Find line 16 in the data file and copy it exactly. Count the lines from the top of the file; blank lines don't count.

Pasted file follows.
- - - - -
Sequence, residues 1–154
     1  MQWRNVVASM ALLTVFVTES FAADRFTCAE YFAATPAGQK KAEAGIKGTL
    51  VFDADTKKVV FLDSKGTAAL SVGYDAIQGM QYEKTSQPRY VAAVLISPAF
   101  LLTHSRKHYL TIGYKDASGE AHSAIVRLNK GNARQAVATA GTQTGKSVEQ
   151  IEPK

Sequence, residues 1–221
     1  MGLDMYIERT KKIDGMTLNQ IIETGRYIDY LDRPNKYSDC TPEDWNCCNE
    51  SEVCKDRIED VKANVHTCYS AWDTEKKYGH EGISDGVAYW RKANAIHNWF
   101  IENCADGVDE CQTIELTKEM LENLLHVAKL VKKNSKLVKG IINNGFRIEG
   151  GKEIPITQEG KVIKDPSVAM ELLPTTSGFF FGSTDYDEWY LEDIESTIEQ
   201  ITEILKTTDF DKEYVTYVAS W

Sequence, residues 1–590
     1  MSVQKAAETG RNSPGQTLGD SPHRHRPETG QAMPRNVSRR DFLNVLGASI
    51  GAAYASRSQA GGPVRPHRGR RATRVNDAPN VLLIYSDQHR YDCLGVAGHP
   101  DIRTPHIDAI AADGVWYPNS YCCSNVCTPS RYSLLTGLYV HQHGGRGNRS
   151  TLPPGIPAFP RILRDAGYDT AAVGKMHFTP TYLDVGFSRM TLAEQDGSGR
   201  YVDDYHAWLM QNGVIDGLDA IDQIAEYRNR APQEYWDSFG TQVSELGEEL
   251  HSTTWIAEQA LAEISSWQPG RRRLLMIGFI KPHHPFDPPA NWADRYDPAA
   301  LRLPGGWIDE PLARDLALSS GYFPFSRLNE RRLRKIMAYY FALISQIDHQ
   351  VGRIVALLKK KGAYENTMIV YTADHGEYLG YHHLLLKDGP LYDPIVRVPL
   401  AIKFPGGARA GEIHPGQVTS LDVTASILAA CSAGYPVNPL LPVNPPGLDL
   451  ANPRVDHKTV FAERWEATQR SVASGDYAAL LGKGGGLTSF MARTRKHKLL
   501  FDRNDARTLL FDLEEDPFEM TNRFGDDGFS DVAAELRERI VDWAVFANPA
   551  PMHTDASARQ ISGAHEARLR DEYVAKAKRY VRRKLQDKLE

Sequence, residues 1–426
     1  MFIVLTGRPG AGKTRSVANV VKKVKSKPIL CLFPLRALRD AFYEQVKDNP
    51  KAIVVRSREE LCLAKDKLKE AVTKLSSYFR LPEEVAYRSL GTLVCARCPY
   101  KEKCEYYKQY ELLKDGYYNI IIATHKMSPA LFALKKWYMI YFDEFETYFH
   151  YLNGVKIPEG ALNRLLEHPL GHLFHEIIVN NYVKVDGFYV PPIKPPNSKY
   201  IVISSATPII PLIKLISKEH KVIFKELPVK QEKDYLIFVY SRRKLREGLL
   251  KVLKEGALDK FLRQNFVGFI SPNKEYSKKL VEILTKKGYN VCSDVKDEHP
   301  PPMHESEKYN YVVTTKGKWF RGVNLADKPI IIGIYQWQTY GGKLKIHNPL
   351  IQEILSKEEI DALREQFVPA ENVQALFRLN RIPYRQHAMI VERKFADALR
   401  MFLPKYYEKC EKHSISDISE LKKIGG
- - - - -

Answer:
   151  TLPPGIPAFP RILRDAGYDT AAVGKMHFTP TYLDVGFSRM TLAEQDGSGR